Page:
Microsoft’s Surface Pro 8 has reigned supreme as the best detachable 2-in-1 laptop around and made its way to our list of best laptops overall. It’s a redesign that brought slimmer display bezels and a larger 13-inch display, along with faster components and Thunderbolt 4 ports.
The Surface Pro 8 has some new competition, though. Dell has announced the first detachable tablet in its XPS line, replacing the previous 360-degree convertible design. The XPS 13 2-in-1 offers Intel 12th-gen CPUs and a competitive design. Can it overtake the Surface Pro 8?
|Dell XPS 13 2-in-1||Microsoft Surface Pro 8|
|Dimensions||11.5 inches x 7.9 inches x 0.28 inches
0.31 inches with 5G
|11.3 inches x 8.2 inches x 0.37 inches|
|Weight||1.6 pounds (tablet only)
1.8 pounds (tablet only) with 5G
|1.96 pounds (tablet only)|
|Graphics||Intel Iris Xe||Intel Iris Xe|
|Display||13-inch 3:2 IPS 3K (2,880 x 1,920)||13-inch 3:2 IPS 3K (2,880 x 1,920)|
|Storage||256GB PCIe SSD
512GB PCIe SSD
1TB PCIe SSD
|128GB PCIe SSD
256GB PCIe SSD
512GB PCIe SSD
1TB PCIe SSD
|Ports||2 x USB-C with Thunderbolt 4
1 x USB-C to USB-A adapter
1 x USB-C to 3.5mm audio adapter
|2 x USB-C with Thunderbolt 4
1 x Surface Connect
3.5mm audio jack
Surface Type Cover
MicroSD Card reader
|Wireless||Wi-Fi 6E and Bluetooth 5.2
Optional 5G WWAN
|Wi-Fi 6 and Bluetooth 5.1|
|Webcam||Full HD||Full HD|
|Operating system||Windows 11||Windows 11|
|Battery||49.5 watt-hour||51.5 watt-hour|
|Rating||Not reviewed||4 out of 5 stars|
As mentioned in the introduction, the Surface Pro 8 is a significant redesign over the tablet’s previous generations. It’s made of aluminum rather than magnesium, its edges are a bit more rounded, and the display was upgraded from 12.3 inches to 13 inches. A reduction in display bezel size allowed Microsoft to keep the tablet almost the same size despite the larger display. You can get the Surface Pro 8 in either Graphite (black) or Platinum (silver) color schemes, and other than the iconic kickstand that opens from the center of the tablet’s backside, it’s a typical slate in appearance. The Surface Pro 8’s build quality is exceptional, with no gaps or unsightly seams and with a solid feel of metal fused with glass. No tablet’s better constructed.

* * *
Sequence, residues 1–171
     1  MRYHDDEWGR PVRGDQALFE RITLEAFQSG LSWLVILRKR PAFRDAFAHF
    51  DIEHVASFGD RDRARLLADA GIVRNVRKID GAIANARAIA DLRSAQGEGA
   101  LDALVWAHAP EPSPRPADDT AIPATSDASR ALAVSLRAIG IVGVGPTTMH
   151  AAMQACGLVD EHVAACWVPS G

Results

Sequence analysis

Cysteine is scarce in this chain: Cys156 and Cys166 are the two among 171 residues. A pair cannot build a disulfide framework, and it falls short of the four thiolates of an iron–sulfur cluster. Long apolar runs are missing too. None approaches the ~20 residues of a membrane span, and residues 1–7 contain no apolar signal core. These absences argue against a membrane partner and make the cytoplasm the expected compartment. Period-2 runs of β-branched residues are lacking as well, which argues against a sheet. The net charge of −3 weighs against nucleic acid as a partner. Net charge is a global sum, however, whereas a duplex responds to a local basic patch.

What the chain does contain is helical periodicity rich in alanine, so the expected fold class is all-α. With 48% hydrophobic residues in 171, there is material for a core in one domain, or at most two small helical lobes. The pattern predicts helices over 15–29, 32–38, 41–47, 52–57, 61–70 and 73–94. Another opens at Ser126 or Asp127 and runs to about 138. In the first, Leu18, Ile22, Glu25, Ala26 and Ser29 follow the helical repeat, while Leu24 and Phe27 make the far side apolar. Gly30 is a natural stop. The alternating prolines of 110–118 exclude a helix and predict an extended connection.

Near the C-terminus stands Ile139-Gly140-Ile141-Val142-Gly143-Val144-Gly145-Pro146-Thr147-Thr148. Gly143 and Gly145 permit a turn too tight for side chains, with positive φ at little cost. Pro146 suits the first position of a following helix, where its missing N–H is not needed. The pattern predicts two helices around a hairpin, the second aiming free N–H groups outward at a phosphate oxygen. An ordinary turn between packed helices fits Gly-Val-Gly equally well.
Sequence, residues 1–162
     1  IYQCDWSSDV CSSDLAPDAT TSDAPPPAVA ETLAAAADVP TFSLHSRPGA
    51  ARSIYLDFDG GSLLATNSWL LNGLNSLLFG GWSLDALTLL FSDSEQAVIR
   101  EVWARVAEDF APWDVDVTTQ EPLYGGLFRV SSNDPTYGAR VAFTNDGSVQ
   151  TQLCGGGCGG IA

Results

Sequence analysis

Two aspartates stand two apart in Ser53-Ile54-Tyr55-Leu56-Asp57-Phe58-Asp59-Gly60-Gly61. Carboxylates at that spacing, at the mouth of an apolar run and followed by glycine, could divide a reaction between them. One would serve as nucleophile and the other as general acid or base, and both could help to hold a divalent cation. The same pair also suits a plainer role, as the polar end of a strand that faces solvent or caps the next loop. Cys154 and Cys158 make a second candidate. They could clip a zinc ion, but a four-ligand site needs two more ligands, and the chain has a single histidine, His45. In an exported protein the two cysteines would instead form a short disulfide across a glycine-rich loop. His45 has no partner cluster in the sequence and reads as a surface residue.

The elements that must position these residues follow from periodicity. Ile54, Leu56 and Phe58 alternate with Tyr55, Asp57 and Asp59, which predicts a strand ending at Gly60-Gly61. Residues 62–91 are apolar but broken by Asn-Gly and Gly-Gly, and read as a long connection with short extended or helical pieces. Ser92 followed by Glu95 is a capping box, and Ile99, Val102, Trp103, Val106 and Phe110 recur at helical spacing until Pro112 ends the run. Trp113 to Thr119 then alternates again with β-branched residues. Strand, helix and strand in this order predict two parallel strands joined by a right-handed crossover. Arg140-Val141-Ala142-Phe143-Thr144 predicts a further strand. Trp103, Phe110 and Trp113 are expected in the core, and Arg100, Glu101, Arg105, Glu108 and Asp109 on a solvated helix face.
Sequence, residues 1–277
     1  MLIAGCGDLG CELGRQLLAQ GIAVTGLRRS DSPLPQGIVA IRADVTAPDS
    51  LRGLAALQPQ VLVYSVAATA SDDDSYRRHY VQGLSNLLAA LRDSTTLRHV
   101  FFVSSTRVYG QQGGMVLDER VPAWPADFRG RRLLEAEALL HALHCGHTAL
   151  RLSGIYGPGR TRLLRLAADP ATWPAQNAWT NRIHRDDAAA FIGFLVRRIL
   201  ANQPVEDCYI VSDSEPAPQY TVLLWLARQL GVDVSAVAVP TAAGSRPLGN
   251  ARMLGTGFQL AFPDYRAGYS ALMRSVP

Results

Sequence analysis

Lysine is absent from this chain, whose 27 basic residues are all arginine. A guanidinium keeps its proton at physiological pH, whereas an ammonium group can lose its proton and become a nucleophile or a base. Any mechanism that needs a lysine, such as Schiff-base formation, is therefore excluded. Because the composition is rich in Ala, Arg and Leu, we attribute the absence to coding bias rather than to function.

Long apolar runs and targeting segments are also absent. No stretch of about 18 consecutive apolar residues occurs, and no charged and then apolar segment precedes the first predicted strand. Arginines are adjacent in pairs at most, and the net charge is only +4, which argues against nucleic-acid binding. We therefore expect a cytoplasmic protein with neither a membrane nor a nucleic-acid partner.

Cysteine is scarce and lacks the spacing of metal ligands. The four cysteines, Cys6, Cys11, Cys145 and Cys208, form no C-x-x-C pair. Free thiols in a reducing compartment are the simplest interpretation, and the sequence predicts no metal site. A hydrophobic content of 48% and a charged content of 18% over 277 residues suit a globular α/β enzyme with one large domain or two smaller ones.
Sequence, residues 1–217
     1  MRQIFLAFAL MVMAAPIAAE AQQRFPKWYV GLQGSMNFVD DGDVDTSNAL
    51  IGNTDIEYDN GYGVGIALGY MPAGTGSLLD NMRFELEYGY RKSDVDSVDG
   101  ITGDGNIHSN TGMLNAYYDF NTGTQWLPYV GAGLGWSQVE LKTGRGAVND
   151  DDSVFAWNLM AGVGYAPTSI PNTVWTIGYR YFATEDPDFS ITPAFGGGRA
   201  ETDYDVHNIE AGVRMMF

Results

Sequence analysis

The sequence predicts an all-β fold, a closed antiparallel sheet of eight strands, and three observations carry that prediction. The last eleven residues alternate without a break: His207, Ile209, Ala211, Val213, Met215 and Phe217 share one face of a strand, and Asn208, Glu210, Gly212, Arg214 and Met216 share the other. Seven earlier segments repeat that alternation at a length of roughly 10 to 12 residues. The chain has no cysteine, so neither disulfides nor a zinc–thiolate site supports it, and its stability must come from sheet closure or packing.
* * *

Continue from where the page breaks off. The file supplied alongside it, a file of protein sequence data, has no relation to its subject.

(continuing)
The Dell XPS 13 2-in-1 is also constructed of aluminum and is a very minimalist design. It follows the XPS line’s example by using smaller bezels than the Surface Pro 8, but even so, it’s the tiniest bit wider than Microsoft’s tablet while being a little shorter. It offers two colors, Sky (blue) and Slate (dark gray), and overall it, too, is a pretty standard slate design with edges that are sharper than the Surface Pro 8’s.
The Surface Pro 8 is thicker than the XPS 13 2-in-1 at 0.37 inch versus 0.28 inch and heavier at 1.96 pounds versus 1.6 pounds. The 5G version of the XPS 13 2-in-1 (more on that below) is slightly thicker than the Wi-Fi-only version at 0.31 inch and heavier at 1.8 pounds.